Skip to comments.Croatia signs EU accession treaty
Posted on 12/10/2011 7:49:48 AM PST by Ravnagora
In Sofia, Croatian ambassador to Bulgaria Danijela Bariić and Leszek Hensel, ambassador of Poland current holder of the EU Presidency hosted a celebration on December 9 of Croatias EU accession treaty signing. Ambassadors and guests from EU and other countries turned out in force to offer congratulations. Photo: Clive Leviev-Sawyer
Croatia signed on December 9 2011 its accession treaty with the European Union and if all goes according to plan, will join the bloc in July 2013.
Before the process progresses further, the country must within 30 days from December 9 approve in a referendum accession to the EU, and the treaty must be ratified by the current 27 EU member countries. Croatia has said that the referendum will be held in early 2012.
"You are warmly welcomed in the European family," European Council President Herman van Rompuy said at the signing ceremony.
Van Rompuy said that the date was a historic one for Croatia and the EU.
European Commission President Jose Barroso said that Croatia was the best proof of how strong and successful the transformative power of the EUs enlargement policy can be.
"Today, we therefore also send a clear signal to Croatia's neighbours: A signal that our European offer is on the table; that hard work pays off; that the benefits of European integration are within reach if our partners stay the course," Barroso said.
"Enlargement, provided that all the relevant conditions are met, will thus continue to serve as an anchor of stability, a driver of democracy and the rule of law, and as a catalyst for economic prosperity."
The accession treaty was signed by the 27 EU heads of state and government, in Brussels for a European Council meeting, and by the Croatian president Ivo Josipovic and current prime minister Jadranka Kosor.
During the interim period between the signature of the accession treaty and the actual date of accession the work on Croatia's preparations for EU membership continues.
Croatia needs to complete the remaining implementation of the commitments taken during the accession negotiations.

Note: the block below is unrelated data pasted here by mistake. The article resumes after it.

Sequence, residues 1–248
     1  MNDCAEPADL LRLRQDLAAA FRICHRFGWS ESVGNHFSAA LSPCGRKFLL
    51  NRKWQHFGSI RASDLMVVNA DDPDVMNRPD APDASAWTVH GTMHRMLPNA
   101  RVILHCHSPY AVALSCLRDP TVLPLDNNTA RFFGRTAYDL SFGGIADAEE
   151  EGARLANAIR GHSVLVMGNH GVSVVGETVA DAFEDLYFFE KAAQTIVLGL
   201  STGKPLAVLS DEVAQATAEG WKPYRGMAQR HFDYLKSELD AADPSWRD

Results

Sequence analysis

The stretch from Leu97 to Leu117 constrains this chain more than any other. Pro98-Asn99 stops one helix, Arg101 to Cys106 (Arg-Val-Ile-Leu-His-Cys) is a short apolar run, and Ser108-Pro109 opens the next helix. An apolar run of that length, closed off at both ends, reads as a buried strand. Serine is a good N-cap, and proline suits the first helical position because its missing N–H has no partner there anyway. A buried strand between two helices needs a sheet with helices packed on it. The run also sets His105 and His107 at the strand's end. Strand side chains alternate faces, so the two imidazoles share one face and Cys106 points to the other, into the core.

Through the closing of accession negotiations and by finalising the accession treaty, EU| member states have given a mandate to the European Commission to carefully monitor the progress Croatia is making in all the areas covered.
The Accession Treaty includes provisions which allow for appropriate measures to be taken in case problems are identified during the monitoring process.
Until its accession, Croatia will have an active observer status in most of the European Council working groups as well as Commission committees. This allows Croatia to become familiar with the working methods of the EU institutions and to become involved in the decision-making process.
As from the date it is expected to join on July 1 2013, the EU acquis, or the body of EU laws and standards, will apply to Croatia, in the same way as it is binding on all EU member states.
In some areas the EU and Croatia have nonetheless negotiated specific arrangements to enable the country's smooth integration into the EU.
The most important of these relate to freedom of movement for workers, free movement of capital, competition policy, financial services, transport and internal borders. Where transitional periods have been agreed, they are limited in time and scope. The duration of these arrangements is different for different policy areas.
Croatia submitted its EU membership application in February 2003. In April 2004, the European Commission issued a positive opinion on Croatias application for EU membership and recommended the opening of accession negotiations.
Croatia got candidate country status in June 2004, accession negotiations started in October 2005 and on June 30 2011, an Inter-Governmental Conference closed the accession negotiations.
The European Commission adopted in October 2011 a favourable opinion on Croatia's accession to the EU, and on December 1, the European Parliament agreed to the accession of Croatia.
Would this be akin to signing on to the Titanic five minutes after she hit the iceberg?
Seems to me they’re surrendering their fiscal sovereignty to join something that wont be around much longer.
You said it better than I ever could.
I think the answer would be “yes”.
More like running and jumping into the flaming pile of the Hindenburg.
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